Darmstadt, March 30, 2021. By employing inverse kinematics, an elegant reversion of an established research method, and by choosing appropriate measurement conditions, an international research team has opened a path for a detailed study of properties of the nucleon-nucleon interaction in the atomic nucleus. The experiment has been carried out by a large international collaboration (BM@N Collaboration) led by the Massachusetts Institute for Technology (MIT), the Tel Aviv University, the TU Darmstadt, as well as the Joint Institute for Nuclear Research (JINR) at the accelerator facility of JINR in Dubna close to Moscow and published in the latest issue of “Nature Physics”.
Strongly interacting many-body quantum systems are difficult to investigate experimentally. Such a system in nature is the atomic nucleus with its constituents, the nucleons, bound together by the strong force. Exploring the properties of this interaction among nucleons in the dense nuclear medium poses a particularly difficult challenge. High-energy proton beams with short wave length, for instance, are an often used probe by shooting them on a target containing the atomic nuclei of interest. Due to the strong interaction, however, the resulting picture is blurred by complex multiple interactions.
Here, the scientists of the collaboration set in. For the measurements published in “Nature Physics”, they quasi reversed the principle of the experimental apparatus – they apply inverse kinematics. Instead of shooting a proton beam on atomic nuclei, the carbon nuclei to be explored were shot onto protons at rest. That is how they succeeded to demonstrate that a selection of the final state is possible that allows to exclude more complex interactions – provided inverse kinematics is used. This enables the investigation of the nuclear forces in the atomic nucleus without perturbation caused by other physical processes. Key of the experiment described in “Nature Physics” was inverting the kinematics, where the nuclei of interest are accelerated and directed as a high-energy beam (here approximately 3 GeV/nucleon 12C beam) towards protons at rest (provided as a liquid-hydrogen target). This enables besides the detection of the scattered nucleons, as well as the measurement and identification of the final state of the atomic nucleus after the scattering process, which is not feasible in normal kinematics. The analysis of the experiment has demonstrated that a proper selection of the final state allows the identification of direct one-step scattering processes and with that the extraction of information on the properties of the nucleons in the ground state of the atomic nucleus.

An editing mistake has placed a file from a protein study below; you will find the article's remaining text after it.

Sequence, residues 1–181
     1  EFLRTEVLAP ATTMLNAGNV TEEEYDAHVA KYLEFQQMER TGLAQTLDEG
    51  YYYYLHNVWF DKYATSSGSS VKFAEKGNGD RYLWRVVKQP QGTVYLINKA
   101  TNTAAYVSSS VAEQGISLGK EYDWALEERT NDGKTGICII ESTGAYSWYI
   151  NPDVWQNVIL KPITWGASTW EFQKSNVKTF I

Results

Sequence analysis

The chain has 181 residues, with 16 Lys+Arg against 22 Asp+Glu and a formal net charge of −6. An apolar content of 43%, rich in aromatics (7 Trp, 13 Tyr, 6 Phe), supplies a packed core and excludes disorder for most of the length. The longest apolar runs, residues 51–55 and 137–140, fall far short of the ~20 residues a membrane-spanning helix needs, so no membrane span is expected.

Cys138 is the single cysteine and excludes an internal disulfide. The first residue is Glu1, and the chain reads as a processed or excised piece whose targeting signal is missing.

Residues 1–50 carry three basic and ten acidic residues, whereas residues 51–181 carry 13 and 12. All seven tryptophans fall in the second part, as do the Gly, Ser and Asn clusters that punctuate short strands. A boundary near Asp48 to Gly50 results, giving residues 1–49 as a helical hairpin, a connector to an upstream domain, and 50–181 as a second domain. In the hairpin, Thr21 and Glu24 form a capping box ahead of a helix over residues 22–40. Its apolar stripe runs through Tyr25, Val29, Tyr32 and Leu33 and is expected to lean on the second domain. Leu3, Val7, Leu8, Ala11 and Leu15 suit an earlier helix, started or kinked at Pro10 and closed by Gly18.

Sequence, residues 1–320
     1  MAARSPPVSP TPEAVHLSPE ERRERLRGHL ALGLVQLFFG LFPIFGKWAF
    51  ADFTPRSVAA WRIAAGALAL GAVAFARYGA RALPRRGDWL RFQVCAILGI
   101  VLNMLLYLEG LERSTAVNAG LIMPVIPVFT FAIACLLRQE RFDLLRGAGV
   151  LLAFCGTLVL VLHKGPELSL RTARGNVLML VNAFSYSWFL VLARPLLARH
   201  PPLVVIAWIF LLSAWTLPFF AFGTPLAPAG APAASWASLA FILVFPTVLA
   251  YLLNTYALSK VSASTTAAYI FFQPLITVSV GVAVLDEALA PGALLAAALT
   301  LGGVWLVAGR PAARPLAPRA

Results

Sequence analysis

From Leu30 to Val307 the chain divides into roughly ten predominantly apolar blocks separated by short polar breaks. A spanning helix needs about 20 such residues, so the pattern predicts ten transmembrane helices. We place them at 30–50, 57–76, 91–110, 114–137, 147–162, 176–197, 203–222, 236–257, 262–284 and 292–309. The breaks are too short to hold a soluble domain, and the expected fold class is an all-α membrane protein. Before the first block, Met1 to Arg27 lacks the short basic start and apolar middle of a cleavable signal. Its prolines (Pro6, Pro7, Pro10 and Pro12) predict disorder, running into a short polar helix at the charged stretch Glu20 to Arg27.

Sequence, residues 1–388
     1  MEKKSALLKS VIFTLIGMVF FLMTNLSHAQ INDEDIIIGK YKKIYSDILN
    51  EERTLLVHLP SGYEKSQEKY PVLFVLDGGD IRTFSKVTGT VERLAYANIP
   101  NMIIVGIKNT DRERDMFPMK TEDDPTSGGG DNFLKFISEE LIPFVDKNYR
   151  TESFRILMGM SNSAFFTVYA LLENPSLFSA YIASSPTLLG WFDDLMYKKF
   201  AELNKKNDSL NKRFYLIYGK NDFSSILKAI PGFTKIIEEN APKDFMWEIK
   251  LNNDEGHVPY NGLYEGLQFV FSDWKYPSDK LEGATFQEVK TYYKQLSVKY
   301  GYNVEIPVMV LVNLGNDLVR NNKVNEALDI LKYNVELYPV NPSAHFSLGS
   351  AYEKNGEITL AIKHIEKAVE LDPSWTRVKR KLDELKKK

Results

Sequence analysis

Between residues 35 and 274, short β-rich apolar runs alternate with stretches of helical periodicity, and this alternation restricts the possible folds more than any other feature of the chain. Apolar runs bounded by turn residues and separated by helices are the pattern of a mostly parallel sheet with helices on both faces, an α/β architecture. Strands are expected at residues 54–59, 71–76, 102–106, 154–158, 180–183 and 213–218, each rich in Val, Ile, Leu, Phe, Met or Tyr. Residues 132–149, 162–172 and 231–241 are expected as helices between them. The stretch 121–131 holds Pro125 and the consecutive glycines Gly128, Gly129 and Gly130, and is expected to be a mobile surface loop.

Thanks to this selectivity, the scientists succeeded already in this first experiment to gain new insight into the short-distance component of the nucleon-nucleon interaction. The properties of the nucleon-nucleon and more-nucleon interactions at short distances is thereby of particular importance for the understanding of the properties of neutron-rich nuclear matter at high density, as present as neutron stars in our universe. Dr. Meytal Duer, scientist at the Institute for Nuclear Physics (AG Aumann) at the TU Darmstadt, and responsible for a significant fraction of the data analysis of the experiment published in “Nature Physics”, explains: “This experimental break-through paves the way to explore the properties of the short-range nucleon-nucleon interaction in neutron-rich short-lived nuclei in detail.” Such nuclei could be produced as intense beams at the new accelerator facility FAIR in Darmstadt, says Duer. The collaboration would plan already for the next year a first experiment with an unstable nucleus at the R3B facility (Reactions with Relativistic Radioactive Beams) at the GSI Helmholtz Center for Heavy-Ion Research in Darmstadt.
About TU Darmstadt
The Technical University (TU) of Darmstadt is one of Germany’s leading technical universities. TU Darmstadt incorporates diverse science cultures to create its characteristic profile. The focus is set on engineering and natural sciences, which cooperate closely with outstanding humanities and social sciences. Three research fields shape the profile of TU Darmstadt: I+I (Information and Intelligence), E+E (Energy and Environment) and M+M (Matter and Materials). We dynamically develop our portfolio of research and teaching, innovation and transfer, in order to continue opening up important opportunities for the future of society. Our 312 professors, about 4,500 scientific and administrative employees and about 25,400 students devote their talents and best efforts to this goal. In the Unite! network, which unites universities from seven European countries, the TU Darmstadt is promoting the idea of the European university. Together with Goethe University Frankfurt and Johannes Gutenberg University Mainz, TU Darmstadt has formed the strategic Rhine-Main Universities alliance.
Dr. Meytal Duer, Institute for Nuclear Physics, Department of Physics, TU Darmstadt, email: firstname.lastname@example.org
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